Pilates for Golfers
Power, endurance and mobility for peak performance
Golfers who practice Pilates consistently hit the ball farther and straighter, while reducing the risk of injury and back pain.
More than 60% of all recreational golfers will suffer one or more golf related injuries during the course of their playing career. Most of these injuries result from poor mechanics, a lack of flexibility and generally poor golf (physical) conditioning.
Physician and Sports Medicine
Pilates helps you build strength while simultaneously increasing stability, flexibility, balance and core control: all the elements proven to be essential for a great swing.
Strengthen the “core” for a steady swing and stabilized spine
- Minimize risk of lower back injury
- Improve rotation of the torso and shoulder and hip flexibility to create greater
- Increase hamstring flexibility for correct “address”
- Improve leg endurance and strength
- Strengthening upper/lower arm, wrist and hand
- Correct muscular imbalances created by the golf game
From the Core
sport, key movements in golf - particularly when driving or chipping - come from the core. Your core strength allows you to generate sufficient power through the swing to hit the ball further.
Strength alone is not the entire answer. Elastic energy is stored in a stretched muscle. Good flexibility at shoulders, hips and spine will provide more power because the club will act through a greater range of motion. A small improvement in a golfer's shoulder flexibility, for example, can be the difference between a drive from the tee veering into the rough or going straight onto the green.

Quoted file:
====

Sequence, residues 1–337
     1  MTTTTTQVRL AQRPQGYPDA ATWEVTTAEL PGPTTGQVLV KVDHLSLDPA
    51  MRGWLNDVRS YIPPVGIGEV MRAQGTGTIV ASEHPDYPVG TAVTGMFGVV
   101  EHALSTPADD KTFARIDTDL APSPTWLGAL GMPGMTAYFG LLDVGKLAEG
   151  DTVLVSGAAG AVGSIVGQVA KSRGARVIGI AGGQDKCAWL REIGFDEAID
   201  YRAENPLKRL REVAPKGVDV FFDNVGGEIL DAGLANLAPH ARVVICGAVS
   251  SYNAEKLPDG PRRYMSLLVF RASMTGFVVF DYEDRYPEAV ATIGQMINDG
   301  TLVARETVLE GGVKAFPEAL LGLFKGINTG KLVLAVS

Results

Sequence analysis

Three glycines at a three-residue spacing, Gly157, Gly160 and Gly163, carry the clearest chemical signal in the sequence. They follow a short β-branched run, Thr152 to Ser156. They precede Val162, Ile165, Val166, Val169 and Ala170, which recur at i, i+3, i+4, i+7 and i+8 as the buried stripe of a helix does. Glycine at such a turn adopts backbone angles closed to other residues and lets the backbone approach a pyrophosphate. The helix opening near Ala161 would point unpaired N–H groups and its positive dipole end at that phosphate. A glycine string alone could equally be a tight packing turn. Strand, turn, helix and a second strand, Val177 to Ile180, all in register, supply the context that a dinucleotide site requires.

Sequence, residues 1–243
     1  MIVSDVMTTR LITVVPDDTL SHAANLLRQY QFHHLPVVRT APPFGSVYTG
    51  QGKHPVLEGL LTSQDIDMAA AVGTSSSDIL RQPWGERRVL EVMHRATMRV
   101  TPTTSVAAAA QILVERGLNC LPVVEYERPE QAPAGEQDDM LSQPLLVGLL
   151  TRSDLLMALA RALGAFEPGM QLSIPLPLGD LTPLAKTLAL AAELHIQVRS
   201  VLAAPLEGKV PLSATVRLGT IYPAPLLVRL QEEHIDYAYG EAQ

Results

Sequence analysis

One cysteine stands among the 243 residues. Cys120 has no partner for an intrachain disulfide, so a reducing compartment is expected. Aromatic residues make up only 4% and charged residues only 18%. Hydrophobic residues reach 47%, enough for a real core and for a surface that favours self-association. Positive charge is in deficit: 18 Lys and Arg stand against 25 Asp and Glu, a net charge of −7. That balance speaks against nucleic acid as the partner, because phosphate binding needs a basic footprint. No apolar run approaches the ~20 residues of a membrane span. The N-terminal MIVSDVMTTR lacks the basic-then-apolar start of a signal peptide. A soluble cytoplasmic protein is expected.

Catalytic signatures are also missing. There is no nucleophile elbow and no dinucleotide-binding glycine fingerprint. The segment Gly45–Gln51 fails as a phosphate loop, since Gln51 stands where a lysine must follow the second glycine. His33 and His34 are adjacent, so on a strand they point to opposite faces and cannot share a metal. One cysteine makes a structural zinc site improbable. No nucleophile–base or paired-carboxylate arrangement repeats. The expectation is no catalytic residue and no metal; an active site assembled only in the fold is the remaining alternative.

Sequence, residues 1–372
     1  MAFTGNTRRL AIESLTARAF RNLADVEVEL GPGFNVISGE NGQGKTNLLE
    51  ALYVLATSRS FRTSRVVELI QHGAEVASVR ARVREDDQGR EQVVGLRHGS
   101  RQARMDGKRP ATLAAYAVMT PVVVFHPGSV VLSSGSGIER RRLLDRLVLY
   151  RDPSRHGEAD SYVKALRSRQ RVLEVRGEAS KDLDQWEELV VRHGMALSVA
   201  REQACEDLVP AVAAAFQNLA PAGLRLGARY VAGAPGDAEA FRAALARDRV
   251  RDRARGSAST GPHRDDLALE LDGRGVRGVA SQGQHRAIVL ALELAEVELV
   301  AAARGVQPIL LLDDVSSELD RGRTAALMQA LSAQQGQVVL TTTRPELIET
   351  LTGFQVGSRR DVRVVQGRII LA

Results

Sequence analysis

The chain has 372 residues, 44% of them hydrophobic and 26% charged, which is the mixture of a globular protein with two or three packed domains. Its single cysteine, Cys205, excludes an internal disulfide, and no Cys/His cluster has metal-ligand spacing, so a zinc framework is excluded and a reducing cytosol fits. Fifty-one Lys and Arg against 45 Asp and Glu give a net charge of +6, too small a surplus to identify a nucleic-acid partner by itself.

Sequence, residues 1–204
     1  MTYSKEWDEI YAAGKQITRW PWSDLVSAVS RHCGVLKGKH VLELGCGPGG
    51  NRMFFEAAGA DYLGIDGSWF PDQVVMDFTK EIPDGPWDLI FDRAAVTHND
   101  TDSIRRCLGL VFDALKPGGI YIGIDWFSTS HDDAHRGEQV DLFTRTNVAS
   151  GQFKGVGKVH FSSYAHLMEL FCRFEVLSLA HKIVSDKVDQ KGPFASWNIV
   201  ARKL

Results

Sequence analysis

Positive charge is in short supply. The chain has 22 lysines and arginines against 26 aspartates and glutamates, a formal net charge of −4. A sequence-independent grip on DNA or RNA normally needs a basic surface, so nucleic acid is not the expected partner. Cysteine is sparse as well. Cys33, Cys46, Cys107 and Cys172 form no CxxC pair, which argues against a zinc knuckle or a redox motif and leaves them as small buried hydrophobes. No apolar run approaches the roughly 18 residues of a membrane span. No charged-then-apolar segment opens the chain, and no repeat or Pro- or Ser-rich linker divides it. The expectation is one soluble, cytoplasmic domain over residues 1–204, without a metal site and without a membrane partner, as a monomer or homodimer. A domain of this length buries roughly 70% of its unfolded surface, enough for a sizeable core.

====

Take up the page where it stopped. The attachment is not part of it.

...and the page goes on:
Pilates addresses the need for excellent rotation around the spine while maintaining stability through the transverse abdominal muscles. The shoulders and arms also need to be stable in order to control a shot - yet sufficiently strong and elastic to deliver power and send the ball 150 metres and more down the fairway. Pilates naturally builds long, lean muscles that are ideal for generating the kind of power we need for long drives.
Dave Phillips, the co-founder of the Titleist Performance Institute in Oceanside, Calif., notes that the best golfers have strong, stable lower bodies and flexible, mobile upper bodies. Their swings progress from the lower body to the trunk, the shoulders and lastly the arms. To duplicate that sequence, amateurs usually need the most work on their glutemous muscles and their core. Lacking strength and flexibility in those areas, they compensate by using their arms, which is a primary cause of slicing. Pilates targets the core and develops functional strength needed to play well.
“People struggle really hard at golf and don’t get better because they don’t address the physical side,” Mr. Phillips said. “Their bodies just can’t do what a good swing requires them to do.”
experienced the benefits of Pilates include: